Napoleon used the Concordant to pacify the country and eliminate the opposition of counter-revolutionary bishops (Lyons 84).  One of the great challenges of the first decade of the revolution was the many conflicts and upheavals which roared from Paris into the far-reaching corners of France.  In Vendée and other Catholic dominated areas, many rebels never accepted the diminished role of the church and the secularization of society.   But now, as the Pope stamped his approval of the French government by reaching an agreement with Napoleon, the bishops and other religious leaders were once again under Vatican control. Once this happened, the bishops had to encourage others in places like Vendée to obey the Vatican endorsed government (Lyons 91).  This was a great benefit to Napoleon who wanted to consolidate his power, but it was also a great benefit to the French people as a whole.  The decreased turmoil would allow citizens of all religious persuasions to go about their lives without the fear of terror and backlash which was a constant feature of the 1790s.

Under Napoleon’s reign, churches that had long been closed or used for other purposes were reopened; religious festivals and ceremonies resumed; pilgrimages forgotten during the revolution were taken once more and the religious calendar which was always so interconnected with agrarian life was once again observed (Lyons 144).  This normalcy which was nearly non-in the early days of the revolution certainly contributed to the majority of the peasants supporting Napoleon.  However, it seems that the main reason Napoleon had peasant support was because he offered a permanent end to the feudal lord system (Lyons 144).  Beyond anything else, the peasants enjoyed being free from the yolk of the nobles and royalty who demanded their dues.  Now that a vast majority of them experienced a return to their normal religious life, they were for the most part happy to put their support behind Napoleon.

The relative period of calm which France experienced in the first decade of the nineteenth century enabled Napoleon to pursue policies which often times benefited the nation and continued the spirit of revolutionary reform. One such reform was education.  Napoleon nationalized secondary education for boys in 1808 (Lyons 91).  This progressive educational policy gave all boys a secular education that was standardized.  The same curriculum was used in every corner of France so to ensure a unifying, nationalistic approach. Napoleon’s focus on education was tangible and practical.  The lycée, or secondary school, replaced the old central school system.  It was a completely government run system.  The government chose the teachers, implemented the same syllabus throughout the land, and standardized everything regarding their education (Lyons 105).  To ensure the on-going success of such a new educational system, the government even paid the boarding fee for 180 students per school (Lyons 105).  In addition, Napoleon introduced the national examination in 1809 which was given at the culmination of secondary education and would be used as an admissions test for those moving into higher education (Lyons 107).  Napoleon clearly had a liberal view of education and accomplished a national, secular system that many revolutionaries would have been proud of.  He did not, however, have the same progressive view of education for both genders and his educational reforms did not reach down to the primary levels.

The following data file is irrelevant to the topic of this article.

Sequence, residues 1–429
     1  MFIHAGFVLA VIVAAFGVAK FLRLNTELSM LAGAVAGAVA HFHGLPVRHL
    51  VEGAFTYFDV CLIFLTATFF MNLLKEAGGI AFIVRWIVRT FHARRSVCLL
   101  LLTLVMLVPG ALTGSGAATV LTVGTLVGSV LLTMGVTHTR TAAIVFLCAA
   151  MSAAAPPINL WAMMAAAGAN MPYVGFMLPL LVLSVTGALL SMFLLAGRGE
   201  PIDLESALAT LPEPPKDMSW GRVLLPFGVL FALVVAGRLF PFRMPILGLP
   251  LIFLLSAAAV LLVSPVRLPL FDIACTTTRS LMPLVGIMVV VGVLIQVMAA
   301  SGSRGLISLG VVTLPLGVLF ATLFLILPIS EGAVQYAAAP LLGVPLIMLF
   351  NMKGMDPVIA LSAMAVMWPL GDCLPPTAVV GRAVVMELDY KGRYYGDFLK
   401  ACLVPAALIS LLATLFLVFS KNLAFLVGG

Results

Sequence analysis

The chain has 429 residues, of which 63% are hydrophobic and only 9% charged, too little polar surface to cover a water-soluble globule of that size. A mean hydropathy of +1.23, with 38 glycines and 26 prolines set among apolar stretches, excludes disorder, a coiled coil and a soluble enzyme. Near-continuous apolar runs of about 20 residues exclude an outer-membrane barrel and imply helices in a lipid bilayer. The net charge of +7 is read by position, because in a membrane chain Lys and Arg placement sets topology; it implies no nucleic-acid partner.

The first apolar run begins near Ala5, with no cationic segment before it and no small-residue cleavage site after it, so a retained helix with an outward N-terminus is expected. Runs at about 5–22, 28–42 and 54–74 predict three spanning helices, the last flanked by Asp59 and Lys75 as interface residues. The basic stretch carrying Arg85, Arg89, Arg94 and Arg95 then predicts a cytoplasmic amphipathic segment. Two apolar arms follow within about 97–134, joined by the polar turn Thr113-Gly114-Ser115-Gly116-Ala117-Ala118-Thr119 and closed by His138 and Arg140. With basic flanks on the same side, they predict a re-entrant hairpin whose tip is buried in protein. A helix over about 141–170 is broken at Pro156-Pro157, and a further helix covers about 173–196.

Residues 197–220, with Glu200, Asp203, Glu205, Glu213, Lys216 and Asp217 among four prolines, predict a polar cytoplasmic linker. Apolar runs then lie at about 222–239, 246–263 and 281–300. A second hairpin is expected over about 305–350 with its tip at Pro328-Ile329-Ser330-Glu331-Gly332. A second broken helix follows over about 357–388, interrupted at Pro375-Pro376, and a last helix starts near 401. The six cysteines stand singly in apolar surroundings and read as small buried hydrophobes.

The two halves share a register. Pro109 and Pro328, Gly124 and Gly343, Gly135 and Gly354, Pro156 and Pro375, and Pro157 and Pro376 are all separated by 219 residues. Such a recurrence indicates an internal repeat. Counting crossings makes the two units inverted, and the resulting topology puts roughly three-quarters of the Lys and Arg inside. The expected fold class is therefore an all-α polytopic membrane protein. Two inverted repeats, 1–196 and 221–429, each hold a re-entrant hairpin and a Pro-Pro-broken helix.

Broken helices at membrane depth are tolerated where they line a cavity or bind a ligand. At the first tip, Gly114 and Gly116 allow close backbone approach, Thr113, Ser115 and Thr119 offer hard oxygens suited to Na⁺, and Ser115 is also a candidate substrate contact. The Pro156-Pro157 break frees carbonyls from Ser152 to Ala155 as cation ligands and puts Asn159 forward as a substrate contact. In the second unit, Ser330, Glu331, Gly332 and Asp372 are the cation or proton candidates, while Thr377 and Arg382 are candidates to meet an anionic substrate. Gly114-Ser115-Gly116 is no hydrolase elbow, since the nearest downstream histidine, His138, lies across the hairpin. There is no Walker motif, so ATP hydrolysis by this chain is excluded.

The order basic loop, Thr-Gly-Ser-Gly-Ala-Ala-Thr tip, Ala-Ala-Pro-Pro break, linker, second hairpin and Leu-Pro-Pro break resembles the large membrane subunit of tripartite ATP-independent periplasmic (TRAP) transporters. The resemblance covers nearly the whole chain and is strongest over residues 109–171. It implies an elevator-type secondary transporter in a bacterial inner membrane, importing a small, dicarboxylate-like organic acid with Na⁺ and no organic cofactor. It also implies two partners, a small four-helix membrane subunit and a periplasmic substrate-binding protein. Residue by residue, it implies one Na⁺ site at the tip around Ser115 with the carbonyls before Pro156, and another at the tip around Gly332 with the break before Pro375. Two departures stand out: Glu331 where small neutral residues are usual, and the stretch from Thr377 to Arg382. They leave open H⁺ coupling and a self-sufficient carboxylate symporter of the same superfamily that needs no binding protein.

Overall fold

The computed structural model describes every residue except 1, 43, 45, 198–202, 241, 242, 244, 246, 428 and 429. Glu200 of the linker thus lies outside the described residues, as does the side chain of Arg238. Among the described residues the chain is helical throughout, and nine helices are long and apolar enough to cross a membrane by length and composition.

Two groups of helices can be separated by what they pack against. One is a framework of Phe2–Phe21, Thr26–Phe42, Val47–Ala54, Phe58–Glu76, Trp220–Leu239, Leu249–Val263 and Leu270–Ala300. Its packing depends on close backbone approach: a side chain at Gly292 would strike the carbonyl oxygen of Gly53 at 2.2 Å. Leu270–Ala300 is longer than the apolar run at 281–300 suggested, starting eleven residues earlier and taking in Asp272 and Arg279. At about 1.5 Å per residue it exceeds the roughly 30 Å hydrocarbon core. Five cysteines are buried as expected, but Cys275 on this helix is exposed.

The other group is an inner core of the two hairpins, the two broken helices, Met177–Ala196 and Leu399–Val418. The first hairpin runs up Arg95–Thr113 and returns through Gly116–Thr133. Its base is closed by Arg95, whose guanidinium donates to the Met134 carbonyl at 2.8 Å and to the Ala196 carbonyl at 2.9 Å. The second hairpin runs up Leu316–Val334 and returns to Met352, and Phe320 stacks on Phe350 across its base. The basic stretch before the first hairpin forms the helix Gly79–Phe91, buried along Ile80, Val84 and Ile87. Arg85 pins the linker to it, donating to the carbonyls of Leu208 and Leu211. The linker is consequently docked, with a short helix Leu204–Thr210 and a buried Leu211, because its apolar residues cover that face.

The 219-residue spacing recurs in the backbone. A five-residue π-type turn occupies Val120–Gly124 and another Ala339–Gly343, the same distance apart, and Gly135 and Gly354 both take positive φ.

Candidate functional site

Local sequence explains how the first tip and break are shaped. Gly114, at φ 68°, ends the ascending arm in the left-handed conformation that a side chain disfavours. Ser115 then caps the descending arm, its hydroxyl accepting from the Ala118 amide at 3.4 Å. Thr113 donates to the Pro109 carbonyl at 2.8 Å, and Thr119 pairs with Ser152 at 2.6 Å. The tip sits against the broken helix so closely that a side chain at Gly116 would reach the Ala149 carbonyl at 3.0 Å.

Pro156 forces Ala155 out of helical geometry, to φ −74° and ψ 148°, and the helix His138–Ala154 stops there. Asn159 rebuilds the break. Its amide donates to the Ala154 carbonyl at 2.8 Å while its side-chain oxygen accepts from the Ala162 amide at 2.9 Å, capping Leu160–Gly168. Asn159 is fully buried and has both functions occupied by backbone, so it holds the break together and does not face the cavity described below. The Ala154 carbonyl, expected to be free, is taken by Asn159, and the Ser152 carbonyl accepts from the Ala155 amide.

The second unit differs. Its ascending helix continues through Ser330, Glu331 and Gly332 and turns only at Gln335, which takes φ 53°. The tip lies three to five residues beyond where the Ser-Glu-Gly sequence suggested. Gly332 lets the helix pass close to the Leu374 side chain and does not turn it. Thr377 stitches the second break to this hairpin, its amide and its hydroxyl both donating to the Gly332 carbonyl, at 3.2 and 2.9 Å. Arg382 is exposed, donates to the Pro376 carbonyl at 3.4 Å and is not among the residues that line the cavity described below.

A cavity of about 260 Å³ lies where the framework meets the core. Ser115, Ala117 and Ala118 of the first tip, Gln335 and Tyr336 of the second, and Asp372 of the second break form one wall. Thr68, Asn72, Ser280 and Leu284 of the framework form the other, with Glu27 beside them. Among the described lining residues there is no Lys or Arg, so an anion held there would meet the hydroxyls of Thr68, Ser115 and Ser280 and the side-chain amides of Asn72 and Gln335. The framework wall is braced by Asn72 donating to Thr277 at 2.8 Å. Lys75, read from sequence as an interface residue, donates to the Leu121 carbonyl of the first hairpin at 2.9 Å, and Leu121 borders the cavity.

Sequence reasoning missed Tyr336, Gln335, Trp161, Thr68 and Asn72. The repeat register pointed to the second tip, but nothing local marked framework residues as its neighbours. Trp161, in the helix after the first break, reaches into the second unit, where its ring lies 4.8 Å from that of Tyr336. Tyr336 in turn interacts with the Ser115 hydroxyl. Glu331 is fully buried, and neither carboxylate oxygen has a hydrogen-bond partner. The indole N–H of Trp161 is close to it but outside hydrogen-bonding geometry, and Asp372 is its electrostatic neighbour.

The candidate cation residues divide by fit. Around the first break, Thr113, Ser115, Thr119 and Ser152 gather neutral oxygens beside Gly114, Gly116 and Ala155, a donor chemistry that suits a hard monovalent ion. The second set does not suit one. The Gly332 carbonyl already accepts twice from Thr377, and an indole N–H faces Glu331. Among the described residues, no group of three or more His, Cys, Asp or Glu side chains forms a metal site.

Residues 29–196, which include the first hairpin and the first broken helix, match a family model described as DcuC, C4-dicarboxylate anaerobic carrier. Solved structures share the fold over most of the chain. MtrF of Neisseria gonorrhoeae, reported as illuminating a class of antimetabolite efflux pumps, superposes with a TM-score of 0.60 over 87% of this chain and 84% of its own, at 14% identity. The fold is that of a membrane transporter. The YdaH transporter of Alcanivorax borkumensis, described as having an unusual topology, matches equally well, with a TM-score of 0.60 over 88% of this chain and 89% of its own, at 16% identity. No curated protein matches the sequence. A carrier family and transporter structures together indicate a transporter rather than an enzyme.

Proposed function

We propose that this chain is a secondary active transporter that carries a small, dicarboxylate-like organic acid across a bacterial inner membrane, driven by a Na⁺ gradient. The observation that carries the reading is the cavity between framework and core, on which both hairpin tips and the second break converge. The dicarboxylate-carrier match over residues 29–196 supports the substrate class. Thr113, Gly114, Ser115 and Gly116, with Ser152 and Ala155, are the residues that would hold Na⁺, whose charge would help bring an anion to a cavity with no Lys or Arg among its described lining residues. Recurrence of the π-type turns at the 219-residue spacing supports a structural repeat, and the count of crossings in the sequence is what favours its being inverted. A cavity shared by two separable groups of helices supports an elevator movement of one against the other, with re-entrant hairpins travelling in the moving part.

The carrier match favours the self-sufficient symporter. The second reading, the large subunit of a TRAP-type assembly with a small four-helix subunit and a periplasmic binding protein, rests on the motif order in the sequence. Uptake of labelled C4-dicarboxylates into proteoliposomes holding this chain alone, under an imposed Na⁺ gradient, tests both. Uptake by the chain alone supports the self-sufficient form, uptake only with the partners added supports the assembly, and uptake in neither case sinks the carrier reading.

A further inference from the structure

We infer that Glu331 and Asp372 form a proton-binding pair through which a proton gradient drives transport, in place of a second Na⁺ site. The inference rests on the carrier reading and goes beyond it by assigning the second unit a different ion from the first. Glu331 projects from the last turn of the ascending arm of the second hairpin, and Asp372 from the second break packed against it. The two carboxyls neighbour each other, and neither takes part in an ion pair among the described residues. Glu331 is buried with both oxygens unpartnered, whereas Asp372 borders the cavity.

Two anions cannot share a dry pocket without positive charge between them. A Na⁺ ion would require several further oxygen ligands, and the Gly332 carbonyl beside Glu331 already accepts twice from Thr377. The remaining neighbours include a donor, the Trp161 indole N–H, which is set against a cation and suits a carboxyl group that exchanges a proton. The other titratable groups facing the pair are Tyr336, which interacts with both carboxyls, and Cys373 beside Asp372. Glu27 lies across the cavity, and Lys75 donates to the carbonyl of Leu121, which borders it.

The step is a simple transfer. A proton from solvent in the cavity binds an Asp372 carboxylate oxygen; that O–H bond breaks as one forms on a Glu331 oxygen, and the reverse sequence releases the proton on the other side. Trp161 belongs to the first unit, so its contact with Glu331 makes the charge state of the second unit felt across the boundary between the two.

It may be rightly pointed out that Napoleon’s policy towards secondary boys education basically meant that primary education and the education of girls were abandoned to the Catholic Church (Lyons 91).  However, it must be remembered that this fact, in essence, was no different than the education that began to emerge during the revolutionary years of the 1790s when the lack of qualified teachers put education back under the control of the church (Connelly 150).  The fact that girls were not educated in the public system or that primary education was overlooked in no way diminishes the revolutionary pedigree of Napoleon’s educational system.

Another of Napoleon’s main achievements which helped underscore his revolutionary mindset was the Civil Code.  The provisions set forth in the Civil Code consolidated the laws and achievements of the revolution.  These laws acknowledged the strides which the revolutionary-leading bourgeoisie had accomplished (Lyons 94).  This code was applied nationally to every part of the republic, and coupled with Napoleon’s secondary education system unified the nation like never before (Lyons 94-95).  Bonaparte’s secular laws were applied universally to every citizen; they were impressive enough that many nations of the world emulated them (Lyons 95).  Several European nations introduced the code which they viewed as a way to end feudalism and diminish the power of the church (Lyons 102-103). In this way, the Civil Code was a cutting edge feature of the lasting power of the revolution which spilled over into many European countries.